There are Jews and non-Jews that gather on a weekly basis to read and study the Torah and Tanach. The norm is to follow a prescribed reading cycle that was established many years in the past.
Our Bibles of today have chapters and verses. This division was established only in the early part of the sixteenth century. Many centuries previous to this era, the Hebrew Pentateuch was divided into Parshiyot and Parsha with companion readings in the Prophetic literature.
The readings from the Prophetic literature are called Haftarah. These selected readings were paired with the Parshiyot from the Torah, and read together as literary unities every Shabbat (the seventh day of the week).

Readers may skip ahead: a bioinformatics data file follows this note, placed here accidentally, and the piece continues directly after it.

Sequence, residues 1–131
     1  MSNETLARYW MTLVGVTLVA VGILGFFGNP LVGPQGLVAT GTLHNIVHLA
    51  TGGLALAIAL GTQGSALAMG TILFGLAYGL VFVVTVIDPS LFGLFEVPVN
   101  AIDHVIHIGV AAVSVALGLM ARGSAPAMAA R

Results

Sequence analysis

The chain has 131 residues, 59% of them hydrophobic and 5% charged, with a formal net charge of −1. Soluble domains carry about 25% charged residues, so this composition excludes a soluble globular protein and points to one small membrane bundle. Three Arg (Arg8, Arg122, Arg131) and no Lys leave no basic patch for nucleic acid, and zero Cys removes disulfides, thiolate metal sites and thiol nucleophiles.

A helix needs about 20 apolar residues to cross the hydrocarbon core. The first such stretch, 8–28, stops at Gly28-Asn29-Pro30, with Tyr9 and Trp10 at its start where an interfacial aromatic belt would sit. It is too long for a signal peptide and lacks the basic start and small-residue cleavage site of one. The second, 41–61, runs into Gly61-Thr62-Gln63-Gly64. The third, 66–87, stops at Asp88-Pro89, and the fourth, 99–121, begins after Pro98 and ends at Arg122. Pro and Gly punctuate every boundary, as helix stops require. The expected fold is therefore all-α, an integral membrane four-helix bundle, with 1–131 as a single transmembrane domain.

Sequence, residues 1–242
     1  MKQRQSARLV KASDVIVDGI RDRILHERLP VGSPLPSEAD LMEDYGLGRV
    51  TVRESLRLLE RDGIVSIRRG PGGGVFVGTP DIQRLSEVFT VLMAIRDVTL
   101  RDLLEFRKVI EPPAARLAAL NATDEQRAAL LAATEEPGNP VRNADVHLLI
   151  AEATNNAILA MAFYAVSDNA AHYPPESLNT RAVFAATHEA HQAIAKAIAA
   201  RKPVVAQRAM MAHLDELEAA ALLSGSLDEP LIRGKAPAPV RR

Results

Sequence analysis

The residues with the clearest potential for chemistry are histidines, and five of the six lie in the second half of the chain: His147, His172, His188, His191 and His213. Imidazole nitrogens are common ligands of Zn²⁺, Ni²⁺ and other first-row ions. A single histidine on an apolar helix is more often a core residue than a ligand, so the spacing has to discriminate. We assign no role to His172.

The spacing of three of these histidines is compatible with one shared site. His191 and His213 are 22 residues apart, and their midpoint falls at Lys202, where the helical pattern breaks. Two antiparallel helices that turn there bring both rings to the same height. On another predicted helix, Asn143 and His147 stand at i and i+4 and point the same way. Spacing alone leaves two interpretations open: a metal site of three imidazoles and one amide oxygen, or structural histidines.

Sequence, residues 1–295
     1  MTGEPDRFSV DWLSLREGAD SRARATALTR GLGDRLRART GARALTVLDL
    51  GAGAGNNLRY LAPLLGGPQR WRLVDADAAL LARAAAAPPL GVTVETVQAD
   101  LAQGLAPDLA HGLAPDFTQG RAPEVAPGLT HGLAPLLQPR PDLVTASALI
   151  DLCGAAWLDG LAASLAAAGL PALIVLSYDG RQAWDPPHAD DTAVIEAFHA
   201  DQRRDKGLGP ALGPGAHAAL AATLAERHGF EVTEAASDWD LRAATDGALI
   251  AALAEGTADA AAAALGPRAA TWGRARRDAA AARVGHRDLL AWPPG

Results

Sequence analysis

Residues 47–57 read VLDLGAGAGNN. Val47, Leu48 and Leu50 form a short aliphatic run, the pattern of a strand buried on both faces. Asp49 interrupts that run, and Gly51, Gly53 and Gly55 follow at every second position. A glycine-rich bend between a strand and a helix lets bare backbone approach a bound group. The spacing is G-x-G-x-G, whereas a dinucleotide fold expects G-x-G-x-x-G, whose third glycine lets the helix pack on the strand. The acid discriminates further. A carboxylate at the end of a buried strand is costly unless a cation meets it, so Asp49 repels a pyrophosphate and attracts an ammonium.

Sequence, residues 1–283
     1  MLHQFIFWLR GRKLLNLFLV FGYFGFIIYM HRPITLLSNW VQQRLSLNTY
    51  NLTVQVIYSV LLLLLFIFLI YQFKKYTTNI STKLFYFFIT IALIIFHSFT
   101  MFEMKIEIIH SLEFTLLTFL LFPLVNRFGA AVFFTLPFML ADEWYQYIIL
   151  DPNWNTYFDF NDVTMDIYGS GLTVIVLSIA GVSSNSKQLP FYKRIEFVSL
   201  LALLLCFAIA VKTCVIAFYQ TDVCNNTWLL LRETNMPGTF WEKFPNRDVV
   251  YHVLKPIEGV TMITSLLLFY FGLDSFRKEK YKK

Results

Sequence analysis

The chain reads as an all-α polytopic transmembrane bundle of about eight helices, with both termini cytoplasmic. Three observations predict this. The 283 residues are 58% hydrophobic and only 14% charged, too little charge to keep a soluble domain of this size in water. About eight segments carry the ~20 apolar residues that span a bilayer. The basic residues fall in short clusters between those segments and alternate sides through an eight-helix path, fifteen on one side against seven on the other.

In the time of the first Temple, the reading of the Torah was divided into 167 parsha, called Sedarim (order). The complete reading cycle of the Torah took three-and-a-half years.
The Jews in Babylon consolidated the reading cycle into one-year cycle. They divided the Torah into the 54 prashiyot that we have today.